Data centers and the carbon footprint of AI

As the use of AI continues to grow across industries, concerns are also growing about the environmental impact of the technology. One of the main offender is the data center, where the massive computing power demand to train AI models is sheltered.

Most of the data centers rely on the graphics processing units (GPU) to train these models, which are some of the most power-starving components in the chip industry. A single large AI model require tens of thousands of GPU’s and training process can take weeks and months to complete.

Up to now the total carbon emissions associated with these chips are mystery in the AI industry. As the world becomes more dependent on AI, it’s is very important to consider the environmental impact of the technology. The industry needs to find ways to reduce the carbon footprint of data centers and develop more energy efficient hardware and it is very essential to create sustainable future for both AI and our planet.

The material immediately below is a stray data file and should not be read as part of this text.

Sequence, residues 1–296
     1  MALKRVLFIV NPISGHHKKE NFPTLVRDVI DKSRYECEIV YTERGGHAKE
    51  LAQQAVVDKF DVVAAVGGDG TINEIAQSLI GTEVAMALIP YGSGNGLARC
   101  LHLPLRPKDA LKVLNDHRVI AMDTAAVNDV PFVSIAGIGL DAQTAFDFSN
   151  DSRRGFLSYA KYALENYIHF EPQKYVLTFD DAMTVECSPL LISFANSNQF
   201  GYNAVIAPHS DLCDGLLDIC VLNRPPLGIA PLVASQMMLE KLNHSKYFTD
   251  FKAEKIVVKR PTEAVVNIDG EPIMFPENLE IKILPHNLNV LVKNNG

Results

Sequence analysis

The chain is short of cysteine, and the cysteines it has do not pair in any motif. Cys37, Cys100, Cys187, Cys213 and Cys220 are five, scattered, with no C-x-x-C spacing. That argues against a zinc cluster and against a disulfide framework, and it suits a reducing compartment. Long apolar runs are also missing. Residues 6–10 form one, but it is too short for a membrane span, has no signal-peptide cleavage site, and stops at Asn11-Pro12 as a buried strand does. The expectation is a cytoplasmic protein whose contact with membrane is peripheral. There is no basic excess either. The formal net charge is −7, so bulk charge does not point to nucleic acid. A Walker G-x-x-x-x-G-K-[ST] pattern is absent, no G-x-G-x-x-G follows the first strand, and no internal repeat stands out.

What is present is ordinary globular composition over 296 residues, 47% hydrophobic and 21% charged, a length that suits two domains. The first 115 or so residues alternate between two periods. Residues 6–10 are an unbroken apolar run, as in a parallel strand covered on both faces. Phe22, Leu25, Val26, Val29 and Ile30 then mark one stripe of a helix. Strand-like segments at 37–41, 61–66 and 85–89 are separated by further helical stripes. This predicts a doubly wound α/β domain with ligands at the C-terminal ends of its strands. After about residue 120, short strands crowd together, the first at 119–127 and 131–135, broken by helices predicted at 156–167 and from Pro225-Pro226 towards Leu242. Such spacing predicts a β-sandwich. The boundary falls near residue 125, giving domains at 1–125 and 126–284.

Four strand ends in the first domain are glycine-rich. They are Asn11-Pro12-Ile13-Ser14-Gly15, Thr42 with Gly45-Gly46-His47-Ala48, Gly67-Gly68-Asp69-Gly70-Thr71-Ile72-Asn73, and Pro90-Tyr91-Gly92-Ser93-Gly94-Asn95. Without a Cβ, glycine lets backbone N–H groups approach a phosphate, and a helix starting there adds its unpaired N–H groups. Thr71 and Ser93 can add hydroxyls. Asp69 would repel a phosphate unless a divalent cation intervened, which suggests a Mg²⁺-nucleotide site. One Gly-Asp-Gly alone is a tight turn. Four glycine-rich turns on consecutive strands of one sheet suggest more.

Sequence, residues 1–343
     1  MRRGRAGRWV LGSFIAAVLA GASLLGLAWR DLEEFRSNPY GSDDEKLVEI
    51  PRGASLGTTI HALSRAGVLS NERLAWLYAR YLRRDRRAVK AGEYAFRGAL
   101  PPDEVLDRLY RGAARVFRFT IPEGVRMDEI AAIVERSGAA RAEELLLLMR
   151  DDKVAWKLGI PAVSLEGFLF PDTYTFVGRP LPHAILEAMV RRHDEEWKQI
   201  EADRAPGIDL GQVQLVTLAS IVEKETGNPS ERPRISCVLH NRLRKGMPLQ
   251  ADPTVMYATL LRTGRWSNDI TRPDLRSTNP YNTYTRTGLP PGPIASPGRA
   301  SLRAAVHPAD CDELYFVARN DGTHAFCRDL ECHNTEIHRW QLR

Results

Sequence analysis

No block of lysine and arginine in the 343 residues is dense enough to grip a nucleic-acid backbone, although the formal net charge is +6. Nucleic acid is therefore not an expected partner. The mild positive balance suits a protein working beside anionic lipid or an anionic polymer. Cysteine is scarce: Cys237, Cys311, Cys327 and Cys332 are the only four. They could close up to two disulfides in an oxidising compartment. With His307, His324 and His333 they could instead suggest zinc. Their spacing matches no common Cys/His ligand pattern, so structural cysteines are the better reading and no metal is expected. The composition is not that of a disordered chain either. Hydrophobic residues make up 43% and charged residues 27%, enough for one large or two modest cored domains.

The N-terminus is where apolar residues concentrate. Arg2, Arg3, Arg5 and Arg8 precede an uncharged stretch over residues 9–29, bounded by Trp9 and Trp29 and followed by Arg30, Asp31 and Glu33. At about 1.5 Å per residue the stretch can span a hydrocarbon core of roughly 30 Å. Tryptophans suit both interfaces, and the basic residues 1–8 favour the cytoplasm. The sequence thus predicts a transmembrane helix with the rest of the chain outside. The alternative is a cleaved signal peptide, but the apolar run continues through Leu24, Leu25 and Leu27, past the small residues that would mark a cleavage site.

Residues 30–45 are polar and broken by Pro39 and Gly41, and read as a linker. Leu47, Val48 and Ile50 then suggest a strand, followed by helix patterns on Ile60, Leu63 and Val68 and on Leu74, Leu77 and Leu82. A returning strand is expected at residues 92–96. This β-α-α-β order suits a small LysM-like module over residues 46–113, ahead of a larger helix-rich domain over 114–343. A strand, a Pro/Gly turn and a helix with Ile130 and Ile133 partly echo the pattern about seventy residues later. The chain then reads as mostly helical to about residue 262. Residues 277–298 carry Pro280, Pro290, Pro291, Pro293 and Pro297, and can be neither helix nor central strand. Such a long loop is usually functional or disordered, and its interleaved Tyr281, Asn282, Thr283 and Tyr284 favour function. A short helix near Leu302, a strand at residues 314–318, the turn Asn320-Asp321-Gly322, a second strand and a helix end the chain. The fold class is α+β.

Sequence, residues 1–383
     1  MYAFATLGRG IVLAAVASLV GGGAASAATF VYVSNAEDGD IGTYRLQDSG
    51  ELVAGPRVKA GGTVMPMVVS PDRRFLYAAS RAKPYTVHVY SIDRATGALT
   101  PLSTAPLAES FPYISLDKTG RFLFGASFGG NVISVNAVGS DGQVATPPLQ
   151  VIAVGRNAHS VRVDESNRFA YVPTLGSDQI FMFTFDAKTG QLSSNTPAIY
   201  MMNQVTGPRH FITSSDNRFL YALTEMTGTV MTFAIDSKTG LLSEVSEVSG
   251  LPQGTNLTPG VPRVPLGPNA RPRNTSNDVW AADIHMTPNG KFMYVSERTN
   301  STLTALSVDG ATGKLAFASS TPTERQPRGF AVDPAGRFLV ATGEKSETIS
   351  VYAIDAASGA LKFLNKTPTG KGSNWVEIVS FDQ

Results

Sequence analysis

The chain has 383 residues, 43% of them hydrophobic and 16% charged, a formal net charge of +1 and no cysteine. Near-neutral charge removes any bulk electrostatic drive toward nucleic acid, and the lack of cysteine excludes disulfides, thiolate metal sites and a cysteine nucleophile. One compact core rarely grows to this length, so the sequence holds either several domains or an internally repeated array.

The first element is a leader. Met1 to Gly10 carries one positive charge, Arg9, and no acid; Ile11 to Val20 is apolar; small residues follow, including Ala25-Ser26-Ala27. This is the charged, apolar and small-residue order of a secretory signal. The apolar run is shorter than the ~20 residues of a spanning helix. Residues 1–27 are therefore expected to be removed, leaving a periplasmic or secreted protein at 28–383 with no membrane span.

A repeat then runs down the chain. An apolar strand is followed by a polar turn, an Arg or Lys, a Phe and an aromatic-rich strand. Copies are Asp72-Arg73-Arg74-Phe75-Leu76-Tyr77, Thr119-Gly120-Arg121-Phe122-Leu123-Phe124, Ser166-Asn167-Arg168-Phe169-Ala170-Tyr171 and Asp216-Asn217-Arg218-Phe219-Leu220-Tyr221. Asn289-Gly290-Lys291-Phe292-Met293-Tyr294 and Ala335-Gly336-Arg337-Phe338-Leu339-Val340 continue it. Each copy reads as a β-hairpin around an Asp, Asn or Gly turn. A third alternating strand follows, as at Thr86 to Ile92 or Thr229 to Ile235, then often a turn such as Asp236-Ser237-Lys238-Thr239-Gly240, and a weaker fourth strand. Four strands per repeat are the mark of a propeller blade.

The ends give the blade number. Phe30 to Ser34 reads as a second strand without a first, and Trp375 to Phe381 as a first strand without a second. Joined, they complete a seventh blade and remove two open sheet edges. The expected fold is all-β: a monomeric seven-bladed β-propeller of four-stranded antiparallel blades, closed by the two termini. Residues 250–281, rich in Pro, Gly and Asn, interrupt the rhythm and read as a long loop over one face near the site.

Net zero pledges

As the models are getting larger in many cases, the AI companies are also constantly working on improvements that make them run more efficiently.

Similarly, Microsoft has pledged to be carbon negative by 2030, meaning it will remove more carbon from the atmosphere than it emits. The company plans to achieve this through a range of measures, including using 100% renewable energy by 2025 and investing in carbon capture and storage technologies. Microsoft is also using AI to optimize its data centers, reducing energy consumption and costs. Amazon has committed to being carbon neutral by 2040, and the company is working to power its operations with 100% renewable energy by 2025. The e-commerce giant has also launched initiatives such as The Climate Pledge, which encourages other companies to commit to achieving net-zero carbon emissions by 2040. Overall, these net-zero pledges and commitments from major AI companies demonstrate a growing awareness of the environmental impact of AI, and a commitment to finding sustainable solutions that will enable us to benefit from this transformative technology without causing any harm to the planet.